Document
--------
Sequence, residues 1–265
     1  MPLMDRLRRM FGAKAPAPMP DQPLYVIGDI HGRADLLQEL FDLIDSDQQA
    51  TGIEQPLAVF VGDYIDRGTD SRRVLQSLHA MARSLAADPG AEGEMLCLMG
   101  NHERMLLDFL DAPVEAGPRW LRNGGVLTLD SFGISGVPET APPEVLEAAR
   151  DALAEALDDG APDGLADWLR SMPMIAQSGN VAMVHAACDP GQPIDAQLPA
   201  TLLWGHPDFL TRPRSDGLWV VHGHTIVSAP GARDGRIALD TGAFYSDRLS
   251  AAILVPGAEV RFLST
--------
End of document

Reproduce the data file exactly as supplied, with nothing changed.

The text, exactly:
Sequence, residues 1–265
     1  MPLMDRLRRM FGAKAPAPMP DQPLYVIGDI HGRADLLQEL FDLIDSDQQA
    51  TGIEQPLAVF VGDYIDRGTD SRRVLQSLHA MARSLAADPG AEGEMLCLMG
   101  NHERMLLDFL DAPVEAGPRW LRNGGVLTLD SFGISGVPET APPEVLEAAR
   151  DALAEALDDG APDGLADWLR SMPMIAQSGN VAMVHAACDP GQPIDAQLPA
   201  TLLWGHPDFL TRPRSDGLWV VHGHTIVSAP GARDGRIALD TGAFYSDRLS
   251  AAILVPGAEV RFLST